In international news, some 6,000 people in Canada rallied together the other day to protest the legalization of same-sex marriage. 6,000 people, can you imagine? Just think what a group that size could do to help the environment, fight hunger, or alleviate poverty. But nooo, they'd rather spend their time preventing people in love from gaining rights and privileges as a legally-recognized couple. Their justification is that they are "trying to preserve the sanctity of the institution (of marriage)". As if hetero people haven't been royally screwing the institution up for years.
What's up with that?
Just read Prey, by Michael Crichton. I whizzed through the book in one day, because Crichton does that to me-- his erudite scientific thrillers make me hustle through the pages until I can finally find out what the hell is going on! This one was as enthralling as the rest, a 'what-if' on the synthesis of nanotechnology and biotech. Surprisingly, it even managed to avoid Crichton's usual pitfall of vague and/or awfully pat endings. This one finished nearly as strong as it started, and was almost worth my having skipped dinner with friends to get through it. (Sorry, guys!)
Next on my list is Harem by Dora Levy Mossanen, which my doting husband bought me at The Bookstore Formerly Known As Page One (a.k.a. Fully Booked). Normally, I wouldn't risk getting a book by someone named Dora (smacks dangerously of romance novels, ugh), but this one is billed as a 'journey from the... Persian Jewish quarter to the... world of shahs, soothsayer, eunuchs, and sultanas...' Also: 'rich with myth, history, politics, fantasy...', which is so much my thing it's almost as if the book had been written with me in mind. In fact, I once upon a time wrote a similarly-themed pornographic comic titled The Harem of Ali Akbar, which may or may not still be available on the net. The characters from that story also appeared (in somewhat less risqué guise) in Dean’s comic book, The Lost.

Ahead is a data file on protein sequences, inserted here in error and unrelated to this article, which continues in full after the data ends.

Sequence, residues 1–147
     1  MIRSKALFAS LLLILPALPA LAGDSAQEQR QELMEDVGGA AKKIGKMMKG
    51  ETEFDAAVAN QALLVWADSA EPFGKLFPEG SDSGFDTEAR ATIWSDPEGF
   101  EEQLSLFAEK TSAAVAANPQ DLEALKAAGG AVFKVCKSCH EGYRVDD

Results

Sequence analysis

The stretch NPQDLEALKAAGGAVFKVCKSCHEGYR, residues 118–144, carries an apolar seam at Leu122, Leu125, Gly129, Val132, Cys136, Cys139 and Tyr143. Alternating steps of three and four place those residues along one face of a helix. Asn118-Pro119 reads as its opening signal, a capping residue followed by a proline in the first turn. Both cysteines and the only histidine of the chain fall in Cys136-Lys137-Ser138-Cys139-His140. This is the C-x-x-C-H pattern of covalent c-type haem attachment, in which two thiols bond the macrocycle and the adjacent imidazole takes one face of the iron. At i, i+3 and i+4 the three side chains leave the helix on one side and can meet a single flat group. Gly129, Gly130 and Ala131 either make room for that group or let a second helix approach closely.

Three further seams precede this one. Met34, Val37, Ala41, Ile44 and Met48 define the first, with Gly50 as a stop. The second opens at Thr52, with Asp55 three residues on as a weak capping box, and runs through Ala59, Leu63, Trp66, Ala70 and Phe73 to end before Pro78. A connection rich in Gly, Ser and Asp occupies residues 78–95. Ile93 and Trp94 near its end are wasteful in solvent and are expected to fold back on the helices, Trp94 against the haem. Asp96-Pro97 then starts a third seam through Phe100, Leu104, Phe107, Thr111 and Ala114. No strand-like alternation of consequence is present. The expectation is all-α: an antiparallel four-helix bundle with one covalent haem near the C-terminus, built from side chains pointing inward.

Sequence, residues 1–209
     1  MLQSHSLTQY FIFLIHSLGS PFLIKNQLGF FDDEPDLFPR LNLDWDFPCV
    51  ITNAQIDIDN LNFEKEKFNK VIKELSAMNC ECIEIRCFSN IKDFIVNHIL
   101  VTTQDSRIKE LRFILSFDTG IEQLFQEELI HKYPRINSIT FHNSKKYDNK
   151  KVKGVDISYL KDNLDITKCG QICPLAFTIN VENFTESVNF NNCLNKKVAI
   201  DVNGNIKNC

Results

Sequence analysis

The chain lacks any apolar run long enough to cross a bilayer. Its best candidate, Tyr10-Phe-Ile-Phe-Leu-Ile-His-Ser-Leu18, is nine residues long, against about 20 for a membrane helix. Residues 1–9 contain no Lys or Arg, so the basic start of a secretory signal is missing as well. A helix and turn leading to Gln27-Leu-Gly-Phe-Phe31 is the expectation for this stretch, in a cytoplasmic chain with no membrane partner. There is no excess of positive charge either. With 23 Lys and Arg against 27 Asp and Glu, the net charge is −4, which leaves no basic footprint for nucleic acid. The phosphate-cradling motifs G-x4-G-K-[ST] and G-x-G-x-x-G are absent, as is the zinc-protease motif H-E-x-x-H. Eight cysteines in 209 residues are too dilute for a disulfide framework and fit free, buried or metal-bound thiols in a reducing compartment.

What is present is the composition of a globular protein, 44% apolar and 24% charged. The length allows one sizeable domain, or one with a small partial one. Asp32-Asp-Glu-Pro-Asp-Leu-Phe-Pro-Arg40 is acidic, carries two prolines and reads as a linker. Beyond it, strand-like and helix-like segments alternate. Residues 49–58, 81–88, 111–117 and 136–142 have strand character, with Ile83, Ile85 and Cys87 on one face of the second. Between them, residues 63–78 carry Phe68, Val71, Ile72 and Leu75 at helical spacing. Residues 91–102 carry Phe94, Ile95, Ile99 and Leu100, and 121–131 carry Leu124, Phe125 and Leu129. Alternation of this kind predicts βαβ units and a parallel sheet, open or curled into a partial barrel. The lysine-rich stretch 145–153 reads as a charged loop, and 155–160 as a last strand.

Fully Booked is probably the best bookstore in the Philippines today, despite being overpriced and somehow rather pretentious. Its selection of titles is far superior to those of the competition (except possibly for Dymock's, which is located way out in the wilds of Manila, which is why I have yet to check it out). Particularly satisfying are the extensive sci-fi/fantasy section (much more than the usual run of gaming, Star Wars, Star Trek, and Robert Jordan books) and the eclectic range of trade paperback comics.